This year, three scientists – Tomas Lindahl, Paul Modrich and Aziz Sancar – were awarded jointly the Nobel Prize in Chemistry for “Mechanistic studies of DNA repair”. This discovery is considered to be a major breakthrough in science due to its potential to repair DNA. Yet, in spite of this research’s relevance, most people do not know what their research is about, who these scientists are, and what they were doing before winning the Nobel Prize.
Degradation of genetic material represents a serious risk to all organisms. If the genetic material of a certain species greatly changes, the species might become extinct. To prevent this threat, cells have revealed a series of complex DNA repair pathways. Such pathways repair DNA structures that suffered lesions affecting the “base pairing” or structure of DNA. Nowadays, the scientific community has a very detailed and comprehensive understanding of the molecular mechanisms of these pathways. Such understanding was only possible due to pioneering studies in the field made by Lindahl, Modrich and Sancar.
The human genome encodes the data necessary to make a complete human being. During every single cell division over three billion DNA base pairs are reproduced and copies of the genome are moved into the daughter cell. In spite of its high efficiency, the DNA replication system in charge of this task still makes unusual errors. During the lifetime of a human being, most of these errors will not have any noticeable effects on the body. Yet, they may cause severe diseases.
Furthermore, the DNA molecule is not very chemically stable and, therefore, will suffer spontaneous decay. Moreover, external factors (e.g. radiation, genotoxic chemicals) will also stimulate the occurrence of intensive damage in the DNA molecule.
Nevertheless, it is relevant to recognize that the instability of DNA molecules offers both advantages and disadvantages. According to the Royal Swedish Academy of Sciences (2015), “DNA lesions can block important cellular processes such as DNA replication and transcription, cause genome instability and impair gene expression. Lesions can also be mutagenic and change the coding capacity of the genome, which can lead to devastating diseases and conditions associated with genome instability, including cancer, neurodegenerative disorders and biological ageing.” On the other hand, Darwinian evolution would not take place without mutations. Moreover, external factors (e.g. radiation, genotoxic materials) that stimulate the damage of the DNA molecule can also be used for healing diseases. For example, they can be used to treat cancer by making lesions in the DNA molecule. Such lesions interrupt cell proliferation and encourage programmed cell death. Hence, the cancer cells die.
The cell has established strategies which respond to DNA lesions and regulate the level of DNA mutations. A number of distinct DNA repair mechanisms fix lesions and ensure the genome’s integrity. The 2015 Nobel Prize laureates, introduced below, discovered and designed four paramount and innovative DNA repair mechanisms. This is the main reason why they won the Nobel Prize in Chemistry this year.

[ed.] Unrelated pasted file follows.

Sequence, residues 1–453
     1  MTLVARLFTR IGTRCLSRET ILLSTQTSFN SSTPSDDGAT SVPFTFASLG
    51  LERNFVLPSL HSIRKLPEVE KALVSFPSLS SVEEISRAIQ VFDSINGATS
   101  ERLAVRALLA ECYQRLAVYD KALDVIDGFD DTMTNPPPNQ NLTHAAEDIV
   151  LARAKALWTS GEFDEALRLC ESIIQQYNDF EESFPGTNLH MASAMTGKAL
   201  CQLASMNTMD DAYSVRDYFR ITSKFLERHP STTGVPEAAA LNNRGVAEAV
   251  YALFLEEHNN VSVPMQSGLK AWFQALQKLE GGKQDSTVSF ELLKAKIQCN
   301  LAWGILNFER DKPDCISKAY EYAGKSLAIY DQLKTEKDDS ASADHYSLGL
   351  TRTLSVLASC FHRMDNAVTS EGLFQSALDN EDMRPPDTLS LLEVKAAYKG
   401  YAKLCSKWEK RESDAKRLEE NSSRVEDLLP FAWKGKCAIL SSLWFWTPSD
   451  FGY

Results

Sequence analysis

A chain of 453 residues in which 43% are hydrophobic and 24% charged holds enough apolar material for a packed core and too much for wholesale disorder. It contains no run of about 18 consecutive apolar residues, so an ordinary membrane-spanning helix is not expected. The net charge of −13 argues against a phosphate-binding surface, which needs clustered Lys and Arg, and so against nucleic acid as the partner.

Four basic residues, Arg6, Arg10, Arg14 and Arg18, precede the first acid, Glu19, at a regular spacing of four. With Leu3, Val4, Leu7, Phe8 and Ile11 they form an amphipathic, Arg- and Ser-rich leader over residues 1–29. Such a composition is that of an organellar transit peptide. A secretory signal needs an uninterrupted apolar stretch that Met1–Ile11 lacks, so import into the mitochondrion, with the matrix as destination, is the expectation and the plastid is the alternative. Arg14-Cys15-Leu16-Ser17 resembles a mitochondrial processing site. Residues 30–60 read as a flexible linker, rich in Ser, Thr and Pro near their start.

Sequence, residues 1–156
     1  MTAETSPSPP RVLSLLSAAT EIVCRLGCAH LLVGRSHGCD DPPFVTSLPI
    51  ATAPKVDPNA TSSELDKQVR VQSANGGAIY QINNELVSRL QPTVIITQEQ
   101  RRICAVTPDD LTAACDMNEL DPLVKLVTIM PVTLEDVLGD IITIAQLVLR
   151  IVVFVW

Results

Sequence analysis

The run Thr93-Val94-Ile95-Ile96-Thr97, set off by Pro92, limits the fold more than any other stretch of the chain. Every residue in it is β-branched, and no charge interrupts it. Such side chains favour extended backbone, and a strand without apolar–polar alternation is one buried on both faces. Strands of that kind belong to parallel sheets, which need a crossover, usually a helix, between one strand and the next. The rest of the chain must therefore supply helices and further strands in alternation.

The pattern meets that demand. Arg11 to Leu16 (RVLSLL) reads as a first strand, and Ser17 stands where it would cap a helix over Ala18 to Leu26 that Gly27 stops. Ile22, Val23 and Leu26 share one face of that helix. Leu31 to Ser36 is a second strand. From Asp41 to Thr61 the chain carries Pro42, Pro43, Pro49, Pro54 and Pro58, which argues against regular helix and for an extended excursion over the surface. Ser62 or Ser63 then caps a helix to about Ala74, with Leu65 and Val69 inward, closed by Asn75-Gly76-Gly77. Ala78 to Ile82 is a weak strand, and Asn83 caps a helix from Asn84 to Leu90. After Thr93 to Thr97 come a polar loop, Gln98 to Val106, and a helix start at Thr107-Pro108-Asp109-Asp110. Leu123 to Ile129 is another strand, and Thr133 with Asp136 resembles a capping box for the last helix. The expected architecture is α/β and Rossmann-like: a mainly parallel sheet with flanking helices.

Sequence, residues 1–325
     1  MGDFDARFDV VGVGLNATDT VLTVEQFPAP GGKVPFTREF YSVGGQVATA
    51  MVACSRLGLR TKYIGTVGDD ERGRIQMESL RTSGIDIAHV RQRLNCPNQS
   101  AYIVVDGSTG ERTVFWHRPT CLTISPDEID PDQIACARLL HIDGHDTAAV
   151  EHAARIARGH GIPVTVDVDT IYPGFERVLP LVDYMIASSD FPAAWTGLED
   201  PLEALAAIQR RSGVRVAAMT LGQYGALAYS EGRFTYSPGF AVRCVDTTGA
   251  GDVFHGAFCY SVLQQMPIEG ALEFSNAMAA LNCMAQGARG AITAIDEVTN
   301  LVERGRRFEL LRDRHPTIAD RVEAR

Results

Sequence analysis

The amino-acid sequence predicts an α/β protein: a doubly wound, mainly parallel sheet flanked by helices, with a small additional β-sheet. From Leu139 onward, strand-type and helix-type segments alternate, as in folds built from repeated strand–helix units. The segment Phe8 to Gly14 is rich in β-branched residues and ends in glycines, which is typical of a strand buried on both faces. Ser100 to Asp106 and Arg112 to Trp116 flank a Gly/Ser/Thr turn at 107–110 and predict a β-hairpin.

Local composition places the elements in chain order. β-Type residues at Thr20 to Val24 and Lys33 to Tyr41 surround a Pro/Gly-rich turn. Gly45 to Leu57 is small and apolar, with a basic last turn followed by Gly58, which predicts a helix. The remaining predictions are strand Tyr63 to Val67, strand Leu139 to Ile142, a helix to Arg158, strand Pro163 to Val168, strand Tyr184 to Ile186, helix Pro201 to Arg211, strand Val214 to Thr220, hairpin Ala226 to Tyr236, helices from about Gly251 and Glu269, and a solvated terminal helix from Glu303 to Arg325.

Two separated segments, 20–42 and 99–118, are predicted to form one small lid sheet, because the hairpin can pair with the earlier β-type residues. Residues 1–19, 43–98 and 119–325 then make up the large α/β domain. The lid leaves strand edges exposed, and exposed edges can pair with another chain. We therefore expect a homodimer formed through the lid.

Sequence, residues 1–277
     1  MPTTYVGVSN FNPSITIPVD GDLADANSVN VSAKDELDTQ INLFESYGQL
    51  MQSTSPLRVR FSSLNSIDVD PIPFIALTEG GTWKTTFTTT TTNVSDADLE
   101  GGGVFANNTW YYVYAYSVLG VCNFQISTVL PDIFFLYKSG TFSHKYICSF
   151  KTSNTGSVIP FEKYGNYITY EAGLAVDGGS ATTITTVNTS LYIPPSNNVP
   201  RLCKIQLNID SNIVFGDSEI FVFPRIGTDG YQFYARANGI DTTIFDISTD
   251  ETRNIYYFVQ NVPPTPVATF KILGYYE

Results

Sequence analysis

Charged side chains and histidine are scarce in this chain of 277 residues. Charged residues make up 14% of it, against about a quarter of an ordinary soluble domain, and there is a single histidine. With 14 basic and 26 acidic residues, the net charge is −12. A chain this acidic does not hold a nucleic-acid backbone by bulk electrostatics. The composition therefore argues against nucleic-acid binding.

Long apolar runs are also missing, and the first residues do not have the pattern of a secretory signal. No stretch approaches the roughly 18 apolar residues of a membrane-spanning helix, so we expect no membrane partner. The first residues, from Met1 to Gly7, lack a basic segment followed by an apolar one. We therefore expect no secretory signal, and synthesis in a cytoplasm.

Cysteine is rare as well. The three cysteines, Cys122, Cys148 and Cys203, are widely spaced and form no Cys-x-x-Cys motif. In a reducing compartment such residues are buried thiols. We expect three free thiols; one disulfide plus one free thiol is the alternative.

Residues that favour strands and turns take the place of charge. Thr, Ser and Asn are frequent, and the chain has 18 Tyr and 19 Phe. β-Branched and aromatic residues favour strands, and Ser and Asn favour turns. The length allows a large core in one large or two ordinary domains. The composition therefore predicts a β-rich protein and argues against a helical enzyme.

Tomas Lindahl is a Swedish-British doctor who focuses on cancer research.
His main academic achievements were the following:
- Postdoctoral researches at Princeton University and Rockefeller University;
- Professor of medical chemistry at the University of Gothenburg in 1978–82;
- Researcher at the Imperial Cancer Research Fund in 1981;
- First Director of Cancer Research UK’s Clare Hall Laboratories in Hertfordshire in 1986-2005;
- Member of the Francis Crick Institute
Paul Modrich is an American chemist who is known for his research on DNA mismatch repair and considered one of the most extraordinary professors at Duke University. Throughout his academic life, Dr. Modrich has achieved several academic distinctions. Recently, his lab showed “how DNA mismatch repair serves as a copy editor to prevent errors from DNA polymerase.”
- Professor of Biochemistry at Duke University;
- Investigator at the Howard Hughes Medical Institute;
- D. degree from Stanford University in 1973;
- S. degree from MIT in 1968.
Aziz Sancar is a Turkish-American biochemist and molecular biologist that focuses on DNA repair, cell-division cycles, and circadian clock (which helps organisms to coordinate their biology according to the day-night cycle). Besides his academic distinctions mentioned below, Aziz is the co-founder of the Aziz and Gwen Sancar Foundation. His non-profit organization’s goals are to promote Turkish culture and to support Turkish students in the United States” (Aziz and Gwen Sancar Foundation).
- Honorary member of the Turkish Academy of Sciences and the American Academy of Arts and Sciences;
- First Turkish-American member of the National Academy of Sciences;
- Professor of Biochemistry at the University of North Carolina at Chapel Hill;
- Founder of Carolina Turk Evi, a Turkish center for promoting Turkish-American exchange and providing Turkish researchers and visiting scholars with temporary housing and guest services;
- Master Degree in Istanbul University of Turkey;
- D. degree on the photoreactivating enzyme of E. coli in 1977 at the University of Texas at Dallas.
- Second Turkish Nobel laureate.
written by Rodriogo Ferreira
edited by Carlos Sevilla